When It Comes to the Environment, Two Icons May Be Better Than One

Happy Earth Day! Yep, it’s that day again; the one that was born in 1969, first celebrated in 1970 and virtually ignored, at least by pop culture standards, by most between 1971 and 2006 with the release of The Inconvenient Truth. The environment is back in vogue for many reasons, both economic and health. If we can just keep it higher on the list for the next 35 years. Hey, if the last two years is any indication, we’re getting there.

We’ve all taken to calling it “Going Green”, “The Greening of America”, etc. Hell, Matt and Meredith are even getting “green”. No matter what we call it, there is real, honest to God, development of wind power, alternative bio-fuels, a better CFL light bulb (complete with rebates from our power cooperative, thank you very much), geo-thermal energy and even the odd solar panel here and there. In my house we sort recyclables like we’re possessed, use recycled products, and take our own bags to the grocery store. Though not completely to do with the environment (perhaps the only positive thing about high gas prices), we’re planning our driving better to cut down on their frequency. Not easy when you have two kids who want to be part of everything. But can we really make this all part of our lives forever? Yes, but not because it’s popular but because it’s right. Plus, we have two icons that will remind us.

You’ll note the two symbols I have included with this post. I think they reflect two sides of the “save the planet” campaign. First, there’s the trusty recycle logo that we’ve all seen everywhere from the bottom of our pop (or for my friends out east, “soda”) bottle to trash cans to reams of paper at the office supply store. This symbol really represents the “business” of the environment. And I mean that in a positive way.

The result of a contest to design a symbol for recycling sponsored by
the Container Corporation of America, it’s the symbol that reminds us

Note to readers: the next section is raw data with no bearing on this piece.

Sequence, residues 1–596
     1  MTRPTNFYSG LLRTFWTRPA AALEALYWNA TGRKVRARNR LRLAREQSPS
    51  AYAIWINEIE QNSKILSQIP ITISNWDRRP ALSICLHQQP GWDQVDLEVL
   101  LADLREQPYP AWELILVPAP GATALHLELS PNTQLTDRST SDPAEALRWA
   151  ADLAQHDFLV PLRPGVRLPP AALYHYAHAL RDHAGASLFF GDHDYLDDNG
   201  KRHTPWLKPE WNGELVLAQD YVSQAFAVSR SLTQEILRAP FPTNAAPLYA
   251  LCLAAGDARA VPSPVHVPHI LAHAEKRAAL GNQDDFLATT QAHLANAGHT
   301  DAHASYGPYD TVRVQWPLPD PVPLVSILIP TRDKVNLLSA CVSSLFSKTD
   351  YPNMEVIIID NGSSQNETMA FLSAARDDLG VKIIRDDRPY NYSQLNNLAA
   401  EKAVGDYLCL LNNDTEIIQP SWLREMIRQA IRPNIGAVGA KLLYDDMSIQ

that we can, if we choose, save a bit more space in the city landfill
for another disposable diaper or single shoe. (Note: Landfills never
contain pairs of shoes.) The design, for which its 1970 creator Gary
Dean Anderson
, for which he received a $2500 scholarship, also has come
to remind us we might be able to make a few cents if we keep that item
out of the ditch.

The other symbol, the one I think represents the ideal or soul of protecting our environment, is the one born in 1969, not long before Earth Day itself. It was designed by political cartoonist and artist, Ron Cobb, as the symbol for Ecology. Cobb combined the “e” for earth and environment, with the letter “o” representing wholeness and unity. Take a closer look here at the notations about the origin of this symbol to see that this was driven by a far more idealistic and spiritual force.

Of course, I grew up in a house of Democrats and these sorts of icons, along with Peace symbols, the odd McGovern pin and Pete Seeger album was not uncommon. But this symbol also graced trash cans, posters, flyers and TV ads well outside my home. It was more of a mission…a goal for all of us. Now, that kind of thinking is perceived as being alive and well at “jam band” festivals and comes with plenty of twirling to the music and a great deal of hemp. In fact, this symbol seems to have all but disappeared. (It took some crafty Googling to find the image and its history.) I would love for it to come back into style.

For us to really make the leap from “latest thing” to “way of life,” we need to embrace both the business and the ideal. The strength of both of these symbols, born at the same time, serve to remind us of the importance of paying attention to our planet. The economic and physical health, now and in the future depend, on it.

Happy Earth Day!